Wednesday, January 13, 2010

Eric Rohmer

Eric Rohmer, an important and influential filmmaker of the French New Wave, died on Monday at the age of 89.

The Guardian reviews Rohmer's life and career.

Monday, January 11, 2010

If only I could speak Swedish ...

The Ingmar Bergman Estate is now hiring its first Artistic Director. We are seeking someone rich on initiative, with sound judgment, cooperative skills, and a thorough knowledge of arts and culture. The Artistic Director will, in collaboration with the Bergman Estate Board, build and develop the organization according to the foundation's statutes and guidelines. The Artistic Director will be responsible
for the daily management of the Estate’s activities and their content. The Artistic Director will also be expected to initiate and develop collaborations with institutions on a national and international level. The position includes budgetary responsibilites.

The position of artistic director entails two main areas of responsibility:

• Planning and realizing the Estate's public events, such as an annual winter festival, activities for children and youth, film screenings, seminars, as well as other cultural activities
– many times in collaboration with the Ingmar Bergman Foundation and the Fårö Bergman Center Foundation.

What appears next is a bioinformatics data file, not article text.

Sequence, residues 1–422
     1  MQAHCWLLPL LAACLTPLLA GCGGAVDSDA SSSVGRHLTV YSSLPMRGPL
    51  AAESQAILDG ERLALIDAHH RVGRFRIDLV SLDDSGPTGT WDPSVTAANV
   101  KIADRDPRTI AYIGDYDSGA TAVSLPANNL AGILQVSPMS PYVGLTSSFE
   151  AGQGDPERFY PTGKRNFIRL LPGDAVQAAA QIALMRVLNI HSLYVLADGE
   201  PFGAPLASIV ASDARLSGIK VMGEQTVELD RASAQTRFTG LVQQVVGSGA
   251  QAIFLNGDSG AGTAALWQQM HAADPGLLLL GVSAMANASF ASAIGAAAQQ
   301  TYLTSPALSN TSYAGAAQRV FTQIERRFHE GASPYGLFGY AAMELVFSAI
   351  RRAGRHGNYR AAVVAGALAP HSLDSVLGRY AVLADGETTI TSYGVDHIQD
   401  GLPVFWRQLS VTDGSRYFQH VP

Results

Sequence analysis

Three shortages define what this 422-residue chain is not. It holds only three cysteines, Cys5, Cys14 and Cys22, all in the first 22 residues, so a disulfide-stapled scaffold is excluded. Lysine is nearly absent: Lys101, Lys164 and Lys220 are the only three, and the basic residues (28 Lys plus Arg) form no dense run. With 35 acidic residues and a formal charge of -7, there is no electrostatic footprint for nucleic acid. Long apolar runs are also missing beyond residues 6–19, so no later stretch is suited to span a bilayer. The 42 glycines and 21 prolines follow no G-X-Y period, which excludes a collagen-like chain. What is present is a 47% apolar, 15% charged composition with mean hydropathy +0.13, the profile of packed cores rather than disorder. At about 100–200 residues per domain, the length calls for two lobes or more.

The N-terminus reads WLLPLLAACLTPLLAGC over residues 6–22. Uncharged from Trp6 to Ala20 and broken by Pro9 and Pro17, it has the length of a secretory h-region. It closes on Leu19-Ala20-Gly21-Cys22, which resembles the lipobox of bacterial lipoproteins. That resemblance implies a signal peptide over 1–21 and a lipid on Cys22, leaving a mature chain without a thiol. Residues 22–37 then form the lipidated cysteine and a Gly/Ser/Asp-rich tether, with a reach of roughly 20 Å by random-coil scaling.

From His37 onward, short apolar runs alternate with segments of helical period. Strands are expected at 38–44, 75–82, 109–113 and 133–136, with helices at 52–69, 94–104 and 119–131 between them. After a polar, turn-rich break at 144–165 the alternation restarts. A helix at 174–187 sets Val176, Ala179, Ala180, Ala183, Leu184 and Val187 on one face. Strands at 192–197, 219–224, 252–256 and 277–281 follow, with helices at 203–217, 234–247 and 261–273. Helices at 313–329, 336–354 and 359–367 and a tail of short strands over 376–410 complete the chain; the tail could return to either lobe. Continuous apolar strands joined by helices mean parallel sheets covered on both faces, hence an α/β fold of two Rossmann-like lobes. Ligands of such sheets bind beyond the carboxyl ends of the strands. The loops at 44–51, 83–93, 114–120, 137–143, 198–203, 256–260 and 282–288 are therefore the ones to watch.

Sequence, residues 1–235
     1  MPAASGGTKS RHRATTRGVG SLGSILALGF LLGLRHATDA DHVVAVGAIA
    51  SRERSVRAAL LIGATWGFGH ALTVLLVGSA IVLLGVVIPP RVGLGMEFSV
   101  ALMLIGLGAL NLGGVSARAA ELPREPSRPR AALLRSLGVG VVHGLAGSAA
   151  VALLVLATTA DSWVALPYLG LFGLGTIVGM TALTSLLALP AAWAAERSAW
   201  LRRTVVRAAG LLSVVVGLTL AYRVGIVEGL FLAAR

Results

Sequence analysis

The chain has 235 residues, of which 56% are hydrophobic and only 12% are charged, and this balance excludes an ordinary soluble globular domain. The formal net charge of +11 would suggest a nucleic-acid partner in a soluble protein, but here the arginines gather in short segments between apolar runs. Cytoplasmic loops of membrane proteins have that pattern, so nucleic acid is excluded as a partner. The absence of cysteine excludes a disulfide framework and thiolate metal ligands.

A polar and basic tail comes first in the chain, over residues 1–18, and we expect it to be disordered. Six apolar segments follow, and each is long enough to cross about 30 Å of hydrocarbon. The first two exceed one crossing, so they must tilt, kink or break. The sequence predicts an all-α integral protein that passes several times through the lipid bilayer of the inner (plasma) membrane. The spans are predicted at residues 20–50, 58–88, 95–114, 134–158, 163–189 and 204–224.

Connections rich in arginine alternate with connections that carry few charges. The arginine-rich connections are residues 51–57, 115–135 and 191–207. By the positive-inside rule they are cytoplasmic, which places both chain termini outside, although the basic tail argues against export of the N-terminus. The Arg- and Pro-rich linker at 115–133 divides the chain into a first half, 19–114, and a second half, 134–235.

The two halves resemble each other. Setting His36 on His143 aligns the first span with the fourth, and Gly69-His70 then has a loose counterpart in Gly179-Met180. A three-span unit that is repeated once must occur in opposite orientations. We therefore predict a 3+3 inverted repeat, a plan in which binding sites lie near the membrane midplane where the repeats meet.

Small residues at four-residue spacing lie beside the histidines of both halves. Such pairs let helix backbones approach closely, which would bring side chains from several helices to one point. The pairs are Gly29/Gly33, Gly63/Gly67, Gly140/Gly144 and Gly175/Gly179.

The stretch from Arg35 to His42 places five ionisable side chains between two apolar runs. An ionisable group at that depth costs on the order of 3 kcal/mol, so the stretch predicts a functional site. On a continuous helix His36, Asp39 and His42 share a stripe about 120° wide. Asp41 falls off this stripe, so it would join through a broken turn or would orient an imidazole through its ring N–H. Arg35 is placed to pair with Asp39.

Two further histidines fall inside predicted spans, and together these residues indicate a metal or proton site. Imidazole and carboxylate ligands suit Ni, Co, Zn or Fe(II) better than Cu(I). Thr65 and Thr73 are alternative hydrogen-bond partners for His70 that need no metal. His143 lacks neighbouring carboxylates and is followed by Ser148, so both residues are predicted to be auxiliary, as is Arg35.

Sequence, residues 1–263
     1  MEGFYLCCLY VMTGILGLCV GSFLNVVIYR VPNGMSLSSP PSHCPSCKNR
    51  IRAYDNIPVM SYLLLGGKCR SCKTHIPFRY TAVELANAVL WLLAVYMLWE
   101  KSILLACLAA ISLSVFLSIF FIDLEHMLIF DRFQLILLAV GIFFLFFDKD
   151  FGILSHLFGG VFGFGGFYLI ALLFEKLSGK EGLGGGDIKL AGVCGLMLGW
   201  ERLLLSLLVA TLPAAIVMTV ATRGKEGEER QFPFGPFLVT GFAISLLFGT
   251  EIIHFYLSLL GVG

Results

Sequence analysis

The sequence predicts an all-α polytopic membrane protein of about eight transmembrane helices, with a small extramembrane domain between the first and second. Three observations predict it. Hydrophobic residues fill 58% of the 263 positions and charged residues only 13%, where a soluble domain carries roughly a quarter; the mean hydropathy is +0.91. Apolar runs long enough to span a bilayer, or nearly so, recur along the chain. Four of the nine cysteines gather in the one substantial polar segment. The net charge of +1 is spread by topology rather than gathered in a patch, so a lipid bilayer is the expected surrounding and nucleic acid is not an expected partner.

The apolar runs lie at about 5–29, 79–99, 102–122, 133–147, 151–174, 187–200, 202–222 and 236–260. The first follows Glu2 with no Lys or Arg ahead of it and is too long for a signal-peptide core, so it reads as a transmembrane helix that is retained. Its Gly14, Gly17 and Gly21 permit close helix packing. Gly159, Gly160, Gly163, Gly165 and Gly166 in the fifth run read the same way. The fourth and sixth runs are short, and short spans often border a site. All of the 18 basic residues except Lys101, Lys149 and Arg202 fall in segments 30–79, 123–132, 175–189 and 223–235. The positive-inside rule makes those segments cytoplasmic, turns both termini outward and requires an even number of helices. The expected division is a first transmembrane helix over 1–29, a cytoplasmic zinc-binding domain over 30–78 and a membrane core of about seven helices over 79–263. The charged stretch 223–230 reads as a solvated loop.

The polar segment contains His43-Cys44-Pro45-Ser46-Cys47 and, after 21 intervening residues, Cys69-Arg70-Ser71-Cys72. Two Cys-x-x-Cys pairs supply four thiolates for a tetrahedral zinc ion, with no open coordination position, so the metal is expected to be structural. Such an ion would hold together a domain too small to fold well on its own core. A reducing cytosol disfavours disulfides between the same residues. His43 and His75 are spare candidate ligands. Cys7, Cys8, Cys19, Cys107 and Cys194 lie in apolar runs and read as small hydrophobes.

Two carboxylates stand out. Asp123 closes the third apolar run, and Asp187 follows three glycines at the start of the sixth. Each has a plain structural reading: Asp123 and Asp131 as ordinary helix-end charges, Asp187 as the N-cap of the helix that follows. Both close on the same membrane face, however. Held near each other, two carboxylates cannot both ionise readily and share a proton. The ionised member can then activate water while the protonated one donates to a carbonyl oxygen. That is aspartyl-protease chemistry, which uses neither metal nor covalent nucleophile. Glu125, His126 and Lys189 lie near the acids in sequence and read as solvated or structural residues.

• Evaluating applications from artists and scholars who apply for residency at the Bergman Estate, and forwarding propositions to the board for final decision. Coordinating the residencies is included in this responsibility.

• You are familiar with Ingmar Bergman’s work and well versed in the realms of film, theater, art, literature, and music.
• You will be the foundation’s public face, and must have the skills to communicate and cooperate on a regional, national, and international level. Strong language skills are an important criterion.
• You are an experienced leader, preferably with extensive work experience within art and culture.
• You have well documented administrative skills, including budgetary responsibilities, as well as capacities for analysis and comparison, and the ability to express yourself in writing.

The Artistic Director must be flexible when it comes to working hours and will be spending a significant amount of time on the beautiful island of Fårö and in the Gotland region. The position entails full-time employment for an initial two-year period, with the prospect of extension It is ready to be filled as soon as possible.
Salary is negotiable.

Send application including CV and references to:
Kerstin Brunnberg, Nordenskiöldsgatan 80,
11521 Stockholm, Sverige.
Tlf + 46 705 985 017

Friday, January 8, 2010

Interview with German Writer Judith Hermann

Over at the Goethe Institut web site there's an interview with writer Judith Hermann.

What do you expect from your next book?